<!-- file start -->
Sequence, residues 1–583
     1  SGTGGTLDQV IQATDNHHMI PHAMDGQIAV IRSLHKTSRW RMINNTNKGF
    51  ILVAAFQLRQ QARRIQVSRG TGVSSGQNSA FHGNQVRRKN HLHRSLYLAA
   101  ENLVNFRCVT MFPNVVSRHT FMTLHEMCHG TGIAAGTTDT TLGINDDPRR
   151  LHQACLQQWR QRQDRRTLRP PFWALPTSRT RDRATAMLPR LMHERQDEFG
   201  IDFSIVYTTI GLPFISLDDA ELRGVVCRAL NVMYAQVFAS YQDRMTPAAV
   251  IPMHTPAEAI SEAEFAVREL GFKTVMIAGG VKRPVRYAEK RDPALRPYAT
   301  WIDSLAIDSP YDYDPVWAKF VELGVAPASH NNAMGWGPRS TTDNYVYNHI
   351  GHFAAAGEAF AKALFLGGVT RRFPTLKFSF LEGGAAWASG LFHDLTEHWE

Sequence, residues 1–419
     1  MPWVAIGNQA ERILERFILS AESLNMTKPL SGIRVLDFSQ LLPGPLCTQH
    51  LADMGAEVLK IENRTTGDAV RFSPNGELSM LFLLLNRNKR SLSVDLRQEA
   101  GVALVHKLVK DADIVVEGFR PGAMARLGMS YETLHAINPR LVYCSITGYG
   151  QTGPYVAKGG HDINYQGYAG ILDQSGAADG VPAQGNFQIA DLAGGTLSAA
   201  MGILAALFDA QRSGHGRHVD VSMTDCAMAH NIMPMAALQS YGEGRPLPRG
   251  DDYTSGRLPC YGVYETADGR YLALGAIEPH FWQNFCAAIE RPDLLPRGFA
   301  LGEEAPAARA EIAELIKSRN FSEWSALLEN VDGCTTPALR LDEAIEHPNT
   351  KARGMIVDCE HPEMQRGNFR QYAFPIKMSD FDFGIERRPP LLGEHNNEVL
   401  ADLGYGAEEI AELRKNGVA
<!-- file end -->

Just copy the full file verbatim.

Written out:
Sequence, residues 1–583
     1  SGTGGTLDQV IQATDNHHMI PHAMDGQIAV IRSLHKTSRW RMINNTNKGF
    51  ILVAAFQLRQ QARRIQVSRG TGVSSGQNSA FHGNQVRRKN HLHRSLYLAA
   101  ENLVNFRCVT MFPNVVSRHT FMTLHEMCHG TGIAAGTTDT TLGINDDPRR
   151  LHQACLQQWR QRQDRRTLRP PFWALPTSRT RDRATAMLPR LMHERQDEFG
   201  IDFSIVYTTI GLPFISLDDA ELRGVVCRAL NVMYAQVFAS YQDRMTPAAV
   251  IPMHTPAEAI SEAEFAVREL GFKTVMIAGG VKRPVRYAEK RDPALRPYAT
   301  WIDSLAIDSP YDYDPVWAKF VELGVAPASH NNAMGWGPRS TTDNYVYNHI
   351  GHFAAAGEAF AKALFLGGVT RRFPTLKFSF LEGGAAWASG LFHDLTEHWE

Sequence, residues 1–419
     1  MPWVAIGNQA ERILERFILS AESLNMTKPL SGIRVLDFSQ LLPGPLCTQH
    51  LADMGAEVLK IENRTTGDAV RFSPNGELSM LFLLLNRNKR SLSVDLRQEA
   101  GVALVHKLVK DADIVVEGFR PGAMARLGMS YETLHAINPR LVYCSITGYG
   151  QTGPYVAKGG HDINYQGYAG ILDQSGAADG VPAQGNFQIA DLAGGTLSAA
   201  MGILAALFDA QRSGHGRHVD VSMTDCAMAH NIMPMAALQS YGEGRPLPRG
   251  DDYTSGRLPC YGVYETADGR YLALGAIEPH FWQNFCAAIE RPDLLPRGFA
   301  LGEEAPAARA EIAELIKSRN FSEWSALLEN VDGCTTPALR LDEAIEHPNT
   351  KARGMIVDCE HPEMQRGNFR QYAFPIKMSD FDFGIERRPP LLGEHNNEVL
   401  ADLGYGAEEI AELRKNGVA